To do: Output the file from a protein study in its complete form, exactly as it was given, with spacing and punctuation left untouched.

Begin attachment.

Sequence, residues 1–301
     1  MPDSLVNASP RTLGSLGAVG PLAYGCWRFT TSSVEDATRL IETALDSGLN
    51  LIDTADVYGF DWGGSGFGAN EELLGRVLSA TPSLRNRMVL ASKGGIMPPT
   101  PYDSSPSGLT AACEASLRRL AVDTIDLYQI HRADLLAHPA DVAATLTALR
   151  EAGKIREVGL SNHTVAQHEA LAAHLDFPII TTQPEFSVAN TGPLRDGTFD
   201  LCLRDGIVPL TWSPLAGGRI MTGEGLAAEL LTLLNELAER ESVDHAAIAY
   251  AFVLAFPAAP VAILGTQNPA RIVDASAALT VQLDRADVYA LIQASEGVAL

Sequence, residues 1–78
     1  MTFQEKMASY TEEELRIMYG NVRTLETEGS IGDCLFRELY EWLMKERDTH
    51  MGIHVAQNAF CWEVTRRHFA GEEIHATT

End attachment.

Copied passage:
Sequence, residues 1–301
     1  MPDSLVNASP RTLGSLGAVG PLAYGCWRFT TSSVEDATRL IETALDSGLN
    51  LIDTADVYGF DWGGSGFGAN EELLGRVLSA TPSLRNRMVL ASKGGIMPPT
   101  PYDSSPSGLT AACEASLRRL AVDTIDLYQI HRADLLAHPA DVAATLTALR
   151  EAGKIREVGL SNHTVAQHEA LAAHLDFPII TTQPEFSVAN TGPLRDGTFD
   201  LCLRDGIVPL TWSPLAGGRI MTGEGLAAEL LTLLNELAER ESVDHAAIAY
   251  AFVLAFPAAP VAILGTQNPA RIVDASAALT VQLDRADVYA LIQASEGVAL

Sequence, residues 1–78
     1  MTFQEKMASY TEEELRIMYG NVRTLETEGS IGDCLFRELY EWLMKERDTH
    51  MGIHVAQNAF CWEVTRRHFA GEEIHATT